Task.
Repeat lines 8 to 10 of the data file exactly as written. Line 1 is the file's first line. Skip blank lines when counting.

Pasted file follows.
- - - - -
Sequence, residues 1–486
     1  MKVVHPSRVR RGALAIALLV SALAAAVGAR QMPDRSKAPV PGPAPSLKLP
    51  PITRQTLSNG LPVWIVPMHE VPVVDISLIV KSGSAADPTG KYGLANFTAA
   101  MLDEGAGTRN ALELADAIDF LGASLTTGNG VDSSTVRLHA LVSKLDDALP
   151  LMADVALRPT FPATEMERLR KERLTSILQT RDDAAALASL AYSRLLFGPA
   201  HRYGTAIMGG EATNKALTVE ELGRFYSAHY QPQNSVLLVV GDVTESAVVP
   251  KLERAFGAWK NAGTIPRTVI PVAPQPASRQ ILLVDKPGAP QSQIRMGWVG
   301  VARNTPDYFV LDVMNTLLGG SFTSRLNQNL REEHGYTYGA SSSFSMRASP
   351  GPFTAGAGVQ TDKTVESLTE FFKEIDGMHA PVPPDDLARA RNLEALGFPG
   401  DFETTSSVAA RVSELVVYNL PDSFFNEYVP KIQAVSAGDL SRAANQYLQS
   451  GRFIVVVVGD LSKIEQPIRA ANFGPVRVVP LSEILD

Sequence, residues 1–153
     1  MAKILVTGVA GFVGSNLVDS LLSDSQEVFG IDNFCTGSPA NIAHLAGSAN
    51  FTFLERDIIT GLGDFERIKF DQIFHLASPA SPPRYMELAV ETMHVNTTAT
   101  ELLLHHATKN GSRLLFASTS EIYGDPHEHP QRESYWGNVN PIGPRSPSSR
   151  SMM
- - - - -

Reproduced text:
   301  VARNTPDYFV LDVMNTLLGG SFTSRLNQNL REEHGYTYGA SSSFSMRASP
   351  GPFTAGAGVQ TDKTVESLTE FFKEIDGMHA PVPPDDLARA RNLEALGFPG
   401  DFETTSSVAA RVSELVVYNL PDSFFNEYVP KIQAVSAGDL SRAANQYLQS